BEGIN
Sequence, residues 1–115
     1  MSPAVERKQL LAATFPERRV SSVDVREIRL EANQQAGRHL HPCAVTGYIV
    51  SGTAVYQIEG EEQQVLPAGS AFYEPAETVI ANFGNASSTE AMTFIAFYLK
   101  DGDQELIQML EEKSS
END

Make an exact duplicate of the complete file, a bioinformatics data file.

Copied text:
Sequence, residues 1–115
     1  MSPAVERKQL LAATFPERRV SSVDVREIRL EANQQAGRHL HPCAVTGYIV
    51  SGTAVYQIEG EEQQVLPAGS AFYEPAETVI ANFGNASSTE AMTFIAFYLK
   101  DGDQELIQML EEKSS